18 May Creating Outdoor Living in Small Spaces
When we talk about reinventing paradise, many people assume a large space is required to create quality landscaping. This could not be further from the truth. While it is true that some elements are best left for larger lots, a lot of our favorite designs have been done in small yards or small intimate spaces. There are special considerations and a fair bit of editing is a good place to start. If you can limit yourself to one or two really cool elements, a small yard can still generate a good bit of garden envy from the neighbors. (we mean this in the nicest way possible, after all, what is beautiful landscape without friends and family to share it with?)
Looking at Your Space
Small spaces are often very unique. We suggest you start by assessing what you have. One very important factor may be the shape of your yard. Is it long and narrow, stretching out away from the house, or short and wide, running right along the back wall? Either way, looking at the available space as an asset, rather than an obstacle helps to open up the possibilities. Long narrow spaces lend themselves to walkways with elements along either side, while short wide spaces may be best decked or paved in to extend the house outward, making the most of the available entertaining space.
Setting the Stage
To seed, or not to seed? In most American neighborhoods, a lawn is almost a prerequisite, but in small spaces, it may not be your best idea. Pro: small lawns are easy to maintain and you could have a really nice one, with a little time and effort. Con: trying to fit a lawn and deck, or patio in a small space can leave you without enough of either to make them satisfying.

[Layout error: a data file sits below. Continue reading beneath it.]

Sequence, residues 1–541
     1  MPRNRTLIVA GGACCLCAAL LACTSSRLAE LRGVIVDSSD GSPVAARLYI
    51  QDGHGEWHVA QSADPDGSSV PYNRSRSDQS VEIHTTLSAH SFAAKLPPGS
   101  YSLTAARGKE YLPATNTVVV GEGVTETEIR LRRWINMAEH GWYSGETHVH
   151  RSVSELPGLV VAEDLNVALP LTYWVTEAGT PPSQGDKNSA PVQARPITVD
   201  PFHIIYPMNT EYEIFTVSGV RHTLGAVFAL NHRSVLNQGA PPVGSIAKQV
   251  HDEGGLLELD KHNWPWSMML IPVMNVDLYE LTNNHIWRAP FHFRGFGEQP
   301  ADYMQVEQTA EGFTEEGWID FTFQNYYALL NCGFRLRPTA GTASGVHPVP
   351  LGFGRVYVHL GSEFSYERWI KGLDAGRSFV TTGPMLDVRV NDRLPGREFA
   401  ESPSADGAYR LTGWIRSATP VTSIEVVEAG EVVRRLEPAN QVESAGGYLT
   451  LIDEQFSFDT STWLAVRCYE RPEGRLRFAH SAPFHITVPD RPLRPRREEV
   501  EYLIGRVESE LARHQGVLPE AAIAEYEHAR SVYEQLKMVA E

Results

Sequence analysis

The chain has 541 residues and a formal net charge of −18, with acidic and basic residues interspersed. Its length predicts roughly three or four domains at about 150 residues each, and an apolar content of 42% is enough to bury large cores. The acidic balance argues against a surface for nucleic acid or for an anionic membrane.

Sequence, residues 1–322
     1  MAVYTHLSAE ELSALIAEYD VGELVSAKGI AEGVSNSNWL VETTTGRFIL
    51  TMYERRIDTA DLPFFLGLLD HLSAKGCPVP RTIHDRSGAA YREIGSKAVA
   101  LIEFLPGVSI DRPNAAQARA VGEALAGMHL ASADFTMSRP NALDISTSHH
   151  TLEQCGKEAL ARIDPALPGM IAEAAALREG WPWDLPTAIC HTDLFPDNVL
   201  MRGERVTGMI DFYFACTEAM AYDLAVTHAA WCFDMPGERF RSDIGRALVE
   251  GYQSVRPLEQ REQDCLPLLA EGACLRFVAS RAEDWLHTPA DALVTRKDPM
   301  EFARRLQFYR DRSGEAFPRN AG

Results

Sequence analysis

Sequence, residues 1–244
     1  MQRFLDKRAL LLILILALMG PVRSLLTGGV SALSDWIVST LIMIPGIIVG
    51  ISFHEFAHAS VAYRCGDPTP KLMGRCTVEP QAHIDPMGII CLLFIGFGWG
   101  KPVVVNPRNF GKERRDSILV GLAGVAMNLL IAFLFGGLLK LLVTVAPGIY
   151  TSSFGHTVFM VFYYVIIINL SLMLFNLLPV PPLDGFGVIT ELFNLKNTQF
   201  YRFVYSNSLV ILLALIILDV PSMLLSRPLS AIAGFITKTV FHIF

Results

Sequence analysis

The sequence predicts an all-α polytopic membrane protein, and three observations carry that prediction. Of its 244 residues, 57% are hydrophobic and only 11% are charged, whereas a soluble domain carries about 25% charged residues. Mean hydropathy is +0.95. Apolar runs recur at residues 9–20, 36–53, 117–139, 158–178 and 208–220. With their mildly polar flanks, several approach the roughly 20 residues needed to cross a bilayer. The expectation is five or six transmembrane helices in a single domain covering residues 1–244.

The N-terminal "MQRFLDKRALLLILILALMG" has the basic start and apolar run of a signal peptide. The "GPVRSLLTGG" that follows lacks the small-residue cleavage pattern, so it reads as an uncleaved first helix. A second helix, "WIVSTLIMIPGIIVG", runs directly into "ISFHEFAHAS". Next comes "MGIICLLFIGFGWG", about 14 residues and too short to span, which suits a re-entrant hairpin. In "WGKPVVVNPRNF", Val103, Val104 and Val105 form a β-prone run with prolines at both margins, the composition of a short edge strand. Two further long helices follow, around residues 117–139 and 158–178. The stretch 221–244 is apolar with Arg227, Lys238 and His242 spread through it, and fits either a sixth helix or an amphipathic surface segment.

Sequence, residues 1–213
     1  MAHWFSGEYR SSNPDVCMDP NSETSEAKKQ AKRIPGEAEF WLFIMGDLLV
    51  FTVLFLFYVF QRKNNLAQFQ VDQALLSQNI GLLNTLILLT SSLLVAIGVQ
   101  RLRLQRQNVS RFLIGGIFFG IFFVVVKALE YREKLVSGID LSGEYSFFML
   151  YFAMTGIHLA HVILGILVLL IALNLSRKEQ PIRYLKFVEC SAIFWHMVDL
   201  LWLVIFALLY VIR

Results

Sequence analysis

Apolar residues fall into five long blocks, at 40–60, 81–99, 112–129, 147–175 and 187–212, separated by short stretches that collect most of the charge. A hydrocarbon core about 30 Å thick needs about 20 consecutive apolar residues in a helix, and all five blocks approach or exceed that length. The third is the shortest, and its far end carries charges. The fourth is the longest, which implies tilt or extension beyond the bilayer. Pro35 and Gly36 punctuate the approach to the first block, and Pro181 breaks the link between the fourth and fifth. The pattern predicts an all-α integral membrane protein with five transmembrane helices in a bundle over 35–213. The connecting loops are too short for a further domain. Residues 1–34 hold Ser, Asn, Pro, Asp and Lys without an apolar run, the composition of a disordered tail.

This is your space, so make the choice that suits you. If you long to spend the weekend in a comfy chair with the grass tickling your toes, plant a lawn. If you long to lounge with friends around a fire pit, or grill, consider paving or decking all, or most of your small yard.Whatever you choose as the foundation, it will serve to help you in the other choices that need making.
Once you have decided on what type of yard you want, hard-scaped, or soft, the issue of scale should be next on your agenda. When adding elements to a small yard it works best to select elements that fit the scale of the yard and the house. While you may have always wanted a full-scale reproduction of your favorite Italian town fountain, something smaller will probably fit better, and give you a much better look and feel in the long run.
For narrow spaces, taller elements with less depth, such as wall or fence mounted fountains, trellises and thin items, such as cut out metal sculpture work well. Beds, which are typically 4 feet or deeper out from a wall or fence, can be as narrow as you need, and most types of tree and shrub can be found in dwarf, or smaller varieties, giving you a similar feel, in less space.
Even furniture and items such as grills and firepits come in varying sizes and using scaled back pieces can make your small yard feel much roomier. There is one caveat to this, do not sacrifice comfort for scale. A smaller chair does not mean Lilliputian, so choose items that make sense, and make you comfortable.
In part two of our Garden Envy Guide for small yards, we will discuss perspective, and ideas for creating even more intimate spaces inside a small yard. Stay tuned for more, and be sure to share this post if you got something out of it, or know anyone who owns a townhome, or patio home!
Like what you read? Give us a call, we would love to consult with you on your design! Call Jerry @ 405-615-0939